Görges J, Ulrich J, Keck C, Müller-Wieland D, Diederich S, Janssen OE. Long-term outcome of subacute thyroiditis. Experimental and Clinical Endocrinology and Diabetes 2020 128 703708. (https://doi.org/10.1055/a-0998-8035)

    • Search Google Scholar
    • Export Citation
  • 13

    Fatourechi V, Aniszewski JP, Fatourechi GZ, Atkinson EJ, Jacobsen SJ. Clinical features and outcome of subacute thyroiditis in an incidence cohort: Olmsted County, Minnesota, study. Journal of Clinical Endocrinology and Metabolism 2003 88 21002105. (https://doi.org/10.1210/jc.2002-021799)

    • Search Google Scholar
    • Export Citation
  • 14

    Nishihara E, Ohye H, Amino N, Takata K, Arishima T, Kudo T, Ito M, Kubota S, Fukata S, Miyauchi A. Clinical characteristics of 852 patients with subacute thyroiditis before treatment. Internal Medicine 2008 47 725729. (https://doi.org/10.2169/internalmedicine.47.0740)

    • Search Google Scholar
    • Export Citation
  • 15

    Mizukoshi T, Noguchi S, Murakami T, Futata T, Yamashita H. Evaluation of recurrence in 36 subacute thyroiditis patients managed with prednisolone. Internal Medicine 2001 40 292295. (https://doi.org/10.2169/internalmedicine.40.292)

    • Search Google Scholar
    • Export Citation
  • 16

    Stasiak M, Tymoniuk B, Stasiak B, Lewinski A. The risk of recurrence of subacute thyroiditis is HLA-dependent. International Journal of Molecular Sciences 2019 20 1089. (https://doi.org/10.3390/ijms20051089)

    • Search Google Scholar
    • Export Citation
  • 17

    Sencar ME, Calapkulu M, Sakiz D, Hepsen S, Kus A, Akhanli P, Unsal IO, Kizilgul M, Ucan B & Ozbek M et al. An evaluation of the results of the steroid and non-steroidal anti-inflammatory drug treatments in subacute thyroiditis in relation to persistent hypothyroidism and recurrence. Scientific Reports 2019 9 16899. (https://doi.org/10.1038/s41598-019-53475-w)

    • Search Google Scholar
    • Export Citation
  • 18

    Brunn J, Block U, Ruf G, Bos I, Kunze WP, Scriba PC. Volumetric analysis of thyroid lobes by real-time ultrasound. Deutsche Medizinische Wochenschrift 1981 106 13381340. (https://doi.org/10.1055/s-2008-1070506)

    • Search Google Scholar
    • Export Citation
  • 19

    Benbassat CA, Olchovsky D, Tsvetov G, Shimon I. Subacute thyroiditis: clinical characteristics and treatment outcome in fifty-six consecutive patients diagnosed between 1999 and 2005. Journal of Endocrinological Investigation 2007 30 631635. (https://doi.org/10.1007/BF03347442)

    • Search Google Scholar
    • Export Citation
  • 20

    Stasiak M, Tymoniuk B, Michalak R, Stasiak B, Kowalski ML, Lewiński A. Subacute thyroiditis is associated with HLA-B*18:01, -DRB1*01 and -C*04:01-the significance of the new molecular background. Journal of Clinical Medicine 2020 9 9. (https://doi.org/10.3390/jcm9020534)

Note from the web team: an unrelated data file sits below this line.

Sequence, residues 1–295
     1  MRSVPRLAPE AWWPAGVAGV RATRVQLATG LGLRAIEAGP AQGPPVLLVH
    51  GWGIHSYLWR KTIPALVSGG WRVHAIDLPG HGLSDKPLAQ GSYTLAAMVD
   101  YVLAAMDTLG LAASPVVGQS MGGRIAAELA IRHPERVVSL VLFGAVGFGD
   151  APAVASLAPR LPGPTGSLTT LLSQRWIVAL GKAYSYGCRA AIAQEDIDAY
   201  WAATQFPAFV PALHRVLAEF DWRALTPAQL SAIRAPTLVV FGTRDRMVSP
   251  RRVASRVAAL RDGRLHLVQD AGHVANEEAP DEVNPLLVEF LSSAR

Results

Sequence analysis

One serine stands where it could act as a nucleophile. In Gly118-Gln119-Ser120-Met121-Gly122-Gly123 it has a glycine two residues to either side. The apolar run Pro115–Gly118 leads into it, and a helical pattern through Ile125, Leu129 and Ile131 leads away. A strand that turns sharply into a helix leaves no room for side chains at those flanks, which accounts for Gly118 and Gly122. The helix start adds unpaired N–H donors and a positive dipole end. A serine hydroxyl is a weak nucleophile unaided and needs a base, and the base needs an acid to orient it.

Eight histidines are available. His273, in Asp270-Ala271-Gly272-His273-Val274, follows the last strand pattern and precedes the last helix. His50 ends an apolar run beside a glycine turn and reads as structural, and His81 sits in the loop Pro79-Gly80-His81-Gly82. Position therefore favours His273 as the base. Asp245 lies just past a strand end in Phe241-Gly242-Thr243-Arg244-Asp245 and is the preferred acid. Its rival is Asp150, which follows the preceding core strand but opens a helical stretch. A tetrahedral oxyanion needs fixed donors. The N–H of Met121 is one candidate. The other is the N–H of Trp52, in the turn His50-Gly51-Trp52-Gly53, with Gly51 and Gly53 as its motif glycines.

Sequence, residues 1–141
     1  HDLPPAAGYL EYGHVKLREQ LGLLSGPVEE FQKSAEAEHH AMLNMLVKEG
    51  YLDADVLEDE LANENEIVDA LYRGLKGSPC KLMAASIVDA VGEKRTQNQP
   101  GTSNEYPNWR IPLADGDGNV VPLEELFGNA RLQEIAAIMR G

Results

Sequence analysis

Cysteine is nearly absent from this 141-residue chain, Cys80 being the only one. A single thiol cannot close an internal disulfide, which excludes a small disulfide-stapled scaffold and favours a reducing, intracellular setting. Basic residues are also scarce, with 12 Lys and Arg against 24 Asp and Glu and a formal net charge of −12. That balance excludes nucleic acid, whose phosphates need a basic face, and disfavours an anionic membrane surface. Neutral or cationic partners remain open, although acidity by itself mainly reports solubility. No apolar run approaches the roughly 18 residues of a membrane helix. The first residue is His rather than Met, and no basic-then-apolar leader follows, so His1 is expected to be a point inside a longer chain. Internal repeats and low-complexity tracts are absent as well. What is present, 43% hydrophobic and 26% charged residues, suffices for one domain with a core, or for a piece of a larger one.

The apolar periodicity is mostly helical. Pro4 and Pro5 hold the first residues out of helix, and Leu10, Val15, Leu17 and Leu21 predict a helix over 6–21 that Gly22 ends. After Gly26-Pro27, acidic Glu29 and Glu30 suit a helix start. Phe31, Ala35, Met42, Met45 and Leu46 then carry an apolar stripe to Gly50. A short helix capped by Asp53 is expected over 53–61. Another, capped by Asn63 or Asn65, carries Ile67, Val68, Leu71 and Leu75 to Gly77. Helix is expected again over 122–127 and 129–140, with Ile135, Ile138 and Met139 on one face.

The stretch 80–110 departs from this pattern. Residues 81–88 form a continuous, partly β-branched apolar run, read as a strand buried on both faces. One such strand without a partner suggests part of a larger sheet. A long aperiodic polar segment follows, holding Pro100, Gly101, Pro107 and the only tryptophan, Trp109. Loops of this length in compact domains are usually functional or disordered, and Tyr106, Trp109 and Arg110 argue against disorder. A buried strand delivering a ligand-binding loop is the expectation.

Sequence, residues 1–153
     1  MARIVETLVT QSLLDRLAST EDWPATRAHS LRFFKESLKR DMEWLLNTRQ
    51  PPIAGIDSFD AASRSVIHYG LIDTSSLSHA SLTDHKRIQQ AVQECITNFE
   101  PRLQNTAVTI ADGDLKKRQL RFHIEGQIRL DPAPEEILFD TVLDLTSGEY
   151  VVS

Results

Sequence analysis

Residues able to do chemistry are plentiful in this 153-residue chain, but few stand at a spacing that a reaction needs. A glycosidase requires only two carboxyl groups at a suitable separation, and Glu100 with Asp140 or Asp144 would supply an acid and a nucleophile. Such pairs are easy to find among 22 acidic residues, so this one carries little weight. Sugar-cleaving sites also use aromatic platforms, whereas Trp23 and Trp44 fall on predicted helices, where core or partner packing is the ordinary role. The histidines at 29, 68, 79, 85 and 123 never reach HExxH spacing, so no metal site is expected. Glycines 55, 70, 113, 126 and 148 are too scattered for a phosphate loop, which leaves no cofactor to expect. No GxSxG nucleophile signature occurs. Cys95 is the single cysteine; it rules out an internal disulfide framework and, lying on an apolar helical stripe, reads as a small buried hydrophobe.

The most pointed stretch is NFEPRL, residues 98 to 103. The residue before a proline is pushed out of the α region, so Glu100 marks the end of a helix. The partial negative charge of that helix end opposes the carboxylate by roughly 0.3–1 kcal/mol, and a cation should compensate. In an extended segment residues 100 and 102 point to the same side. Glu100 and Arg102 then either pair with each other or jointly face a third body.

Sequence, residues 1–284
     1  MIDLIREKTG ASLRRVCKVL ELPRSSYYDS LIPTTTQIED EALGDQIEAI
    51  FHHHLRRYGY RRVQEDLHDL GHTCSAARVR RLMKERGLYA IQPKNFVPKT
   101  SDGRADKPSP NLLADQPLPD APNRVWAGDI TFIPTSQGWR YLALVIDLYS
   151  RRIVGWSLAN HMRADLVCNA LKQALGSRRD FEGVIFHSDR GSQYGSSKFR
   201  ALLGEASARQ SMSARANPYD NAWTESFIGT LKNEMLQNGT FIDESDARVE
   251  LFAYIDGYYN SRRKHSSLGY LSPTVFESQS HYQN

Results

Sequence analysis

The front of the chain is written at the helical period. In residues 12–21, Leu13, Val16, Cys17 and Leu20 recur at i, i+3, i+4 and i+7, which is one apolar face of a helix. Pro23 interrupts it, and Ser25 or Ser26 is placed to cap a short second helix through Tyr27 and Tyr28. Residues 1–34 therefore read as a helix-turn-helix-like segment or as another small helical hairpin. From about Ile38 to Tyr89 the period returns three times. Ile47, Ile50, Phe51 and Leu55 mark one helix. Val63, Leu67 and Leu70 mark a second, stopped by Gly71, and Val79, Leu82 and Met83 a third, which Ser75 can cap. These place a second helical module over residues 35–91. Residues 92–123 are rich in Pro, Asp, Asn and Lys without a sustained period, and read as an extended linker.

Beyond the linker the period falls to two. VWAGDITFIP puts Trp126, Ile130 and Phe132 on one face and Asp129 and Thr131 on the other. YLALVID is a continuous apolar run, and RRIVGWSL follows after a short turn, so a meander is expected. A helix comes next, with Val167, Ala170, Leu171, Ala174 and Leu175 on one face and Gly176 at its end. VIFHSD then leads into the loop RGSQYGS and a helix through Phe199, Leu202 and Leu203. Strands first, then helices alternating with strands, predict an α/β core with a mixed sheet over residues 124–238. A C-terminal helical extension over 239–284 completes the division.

• Search Google Scholar
    • Export Citation
  • 21

    Oláh R, Hajós P, Soós Z, Winkler G. De Quervain thyroiditis: corner points of the diagnosis. Orvosi Hetilap 2014 155 676680. (https://doi.org/10.1556/OH.2014.29865)

    • Search Google Scholar
    • Export Citation
  • 22

    Martino E, Buratti L, Bartalena L, Mariotti S, Cupini C, Aghini-Lombardi F, Pinchera A. High prevalence of subacute thyroiditis during summer season in Italy. Journal of Endocrinological Investigation 1987 10 321323. (https://doi.org/10.1007/BF03348138)

    • Search Google Scholar
    • Export Citation
  • 23

    Kitchener MI, Chapman IM. Subacute thyroiditis: a review of 105 cases. Clinical Nuclear Medicine 1989 14 439442. (https://doi.org/10.1097/00003072-198906000-00010)

    • Search Google Scholar
    • Export Citation
  • 24

    Shi MJ, Lv JG, Lin L, Guo JY. Trends in coronavirus disease 2019 hospitalization and prognosis: gender effect. Current Medical Science 2021 41 312317. (https://doi.org/10.1007/s11596-021-2348-8)

    • Search Google Scholar
    • Export Citation
  • 25

    Dalugama C Asymptomatic thyroiditis presenting as pyrexia of unknown origin: a case report. Journal of Medical Case Reports 2018 12 51. (https://doi.org/10.1186/s13256-018-1590-6)

    • Search Google Scholar
    • Export Citation
  • 26

    Daniels GH Atypical subacute thyroiditis: preliminary observations. Thyroid 2001 11 691695. (https://doi.org/10.1089/105072501750362772)

    • Search Google Scholar
    • Export Citation
  • 27

    Stasiak M, Michalak R, Lewinski A. Thyroid primary and metastatic malignant tumours of poor prognosis may mimic subacute thyroiditis – time to change the diagnostic criteria: case reports and a review of the literature. BMC Endocrine Disorders 2019 19 86. (https://doi.org/10.1186/s12902-019-0415-y)